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The tech firm wants some of iPhone's market share but some claim it is too close to China's government to achieve this.

Dan Gould
  • 12 may 2011


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This article titled “Could Huawei take on Apple?” was written by Charles Arthur and agencies, for guardian.co.uk on Wednesday 11th May 2011 15.00 UTC

Ever heard of Huawei – pronounced “hu-wa-way”? Quite possibly not. But the Chinese company (whose formal name is Huawei Technologies) is making an aggressive push into the consumer electronics space, marketing its new smartphones and tablet PCs in glitzy Beijing malls and even a Milan fashion show as it seeks to emerge from decades of obscurity.

Huawei is betting on the Google Android operating system for its smartphones, aiming to grab market share from Apple’s iPhone and Samsung Electronics’ Galaxy range, in a move that is pushing the private company to open its once closed doors to the outside technology world.

After repeated requests, Huawei recently granted Reuters corespondents rare access to a research & development centre in China’s electronics boom town of Shenzhen, putting on display its new approach and its entry into the consumer space.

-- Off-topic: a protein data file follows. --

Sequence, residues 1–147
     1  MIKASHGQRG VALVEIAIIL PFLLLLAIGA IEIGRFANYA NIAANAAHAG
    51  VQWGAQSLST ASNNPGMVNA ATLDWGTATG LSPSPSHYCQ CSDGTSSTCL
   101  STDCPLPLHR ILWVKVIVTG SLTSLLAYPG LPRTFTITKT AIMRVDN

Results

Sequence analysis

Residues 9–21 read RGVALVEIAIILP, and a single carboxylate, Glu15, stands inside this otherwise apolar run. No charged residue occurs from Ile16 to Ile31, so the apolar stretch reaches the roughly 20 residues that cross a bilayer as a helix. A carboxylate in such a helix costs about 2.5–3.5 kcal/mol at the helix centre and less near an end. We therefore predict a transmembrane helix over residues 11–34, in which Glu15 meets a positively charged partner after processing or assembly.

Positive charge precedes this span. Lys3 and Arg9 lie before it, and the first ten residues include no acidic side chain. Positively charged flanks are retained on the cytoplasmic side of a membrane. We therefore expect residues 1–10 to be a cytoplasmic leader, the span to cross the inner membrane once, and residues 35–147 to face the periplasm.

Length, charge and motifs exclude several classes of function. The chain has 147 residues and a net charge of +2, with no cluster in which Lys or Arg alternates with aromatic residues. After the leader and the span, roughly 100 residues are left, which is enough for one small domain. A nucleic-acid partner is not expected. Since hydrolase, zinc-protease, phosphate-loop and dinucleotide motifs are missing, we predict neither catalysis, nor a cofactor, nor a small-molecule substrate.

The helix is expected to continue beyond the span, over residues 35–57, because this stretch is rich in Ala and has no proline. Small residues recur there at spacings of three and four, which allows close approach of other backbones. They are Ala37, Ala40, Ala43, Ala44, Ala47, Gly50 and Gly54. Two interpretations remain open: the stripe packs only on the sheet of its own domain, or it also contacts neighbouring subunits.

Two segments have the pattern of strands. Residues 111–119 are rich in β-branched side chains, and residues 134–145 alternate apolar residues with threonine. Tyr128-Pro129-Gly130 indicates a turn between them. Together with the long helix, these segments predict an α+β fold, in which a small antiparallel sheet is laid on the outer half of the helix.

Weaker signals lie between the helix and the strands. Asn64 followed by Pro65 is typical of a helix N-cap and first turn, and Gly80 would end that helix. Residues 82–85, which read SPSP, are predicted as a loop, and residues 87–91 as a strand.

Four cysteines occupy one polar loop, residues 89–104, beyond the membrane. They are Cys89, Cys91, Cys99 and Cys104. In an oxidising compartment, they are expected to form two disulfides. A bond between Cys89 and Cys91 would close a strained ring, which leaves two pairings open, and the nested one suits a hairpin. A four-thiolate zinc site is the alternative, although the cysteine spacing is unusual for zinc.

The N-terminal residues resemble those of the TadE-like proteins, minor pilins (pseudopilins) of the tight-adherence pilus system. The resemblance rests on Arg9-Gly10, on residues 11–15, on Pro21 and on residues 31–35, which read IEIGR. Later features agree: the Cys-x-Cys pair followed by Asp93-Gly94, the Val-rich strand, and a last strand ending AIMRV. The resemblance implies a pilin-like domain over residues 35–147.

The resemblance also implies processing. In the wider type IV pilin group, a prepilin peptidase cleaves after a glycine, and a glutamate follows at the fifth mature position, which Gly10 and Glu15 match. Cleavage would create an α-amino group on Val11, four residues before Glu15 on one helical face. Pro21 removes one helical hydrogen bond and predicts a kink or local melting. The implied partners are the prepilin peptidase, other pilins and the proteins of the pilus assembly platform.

They found the building dotted with evidence of Huawei’s drive for innovation: on one floor, the R&D team displayed an array of products still in the works – a 4G network card, a smartphone with a wireless charger and a snazzy smartphone with a see-through case.

Having built itself into the world’s second-biggest network equipment provider (after Sweden’s Ericsson), having passed Alcatel-Lucent and Nokia Siemens Networks. It plans to nearly quadruple revenues to 0bn (£60.8bn) in 10 years, analysts are banking that Huawei is up to its newest consumer market challenge.

“I cannot predict if Huawei has the makings to be Asia’s next Samsung, but I would definitely not count it out,” said Matt Walker, principal analyst at research firm Ovum.

Huawei now hopes to double its cell phone shipments to 60m this year, including 15m smartphones. “We hope to become the world’s No 3 in cell phone shipments and the world’s No 5 in terms of revenues within five years,” Victor Xu, chief marketing officer of Huawei Devices, said as he played around with a Huawei IDEOS smartphone.

Under Huawei’s previous direction, consumers weren’t “able to see our brand on the things we make,” Xu added, occasionally slipping into his pocket to grab his personal phone – an iPhone – when it rang. “But now we’re changing our strategy.”

Yet some questions linger over Huawei among western strategists: principally, can a company so closely tied to China and its government be completely trusted? The US government has vetoed the use of Huawei equipment in some sensitive systems, especially telecoms systems, and in February forced it to reverse out of the m acquisition of a US startup company, server technology business 3Leaf Technologies. Similarly, in February 2008 its bid to buy network equipment company 3Com stalled in the face of US political opposition.

Chief of Huawei, Ren Zhengfei, 66, is a former director of the telecoms research arm of China’s People’s Liberation Army (from 1979 to 1983). He set the company up 24 years ago with just 21,000 yuan (£1,970 at current conversion rates; probably less then).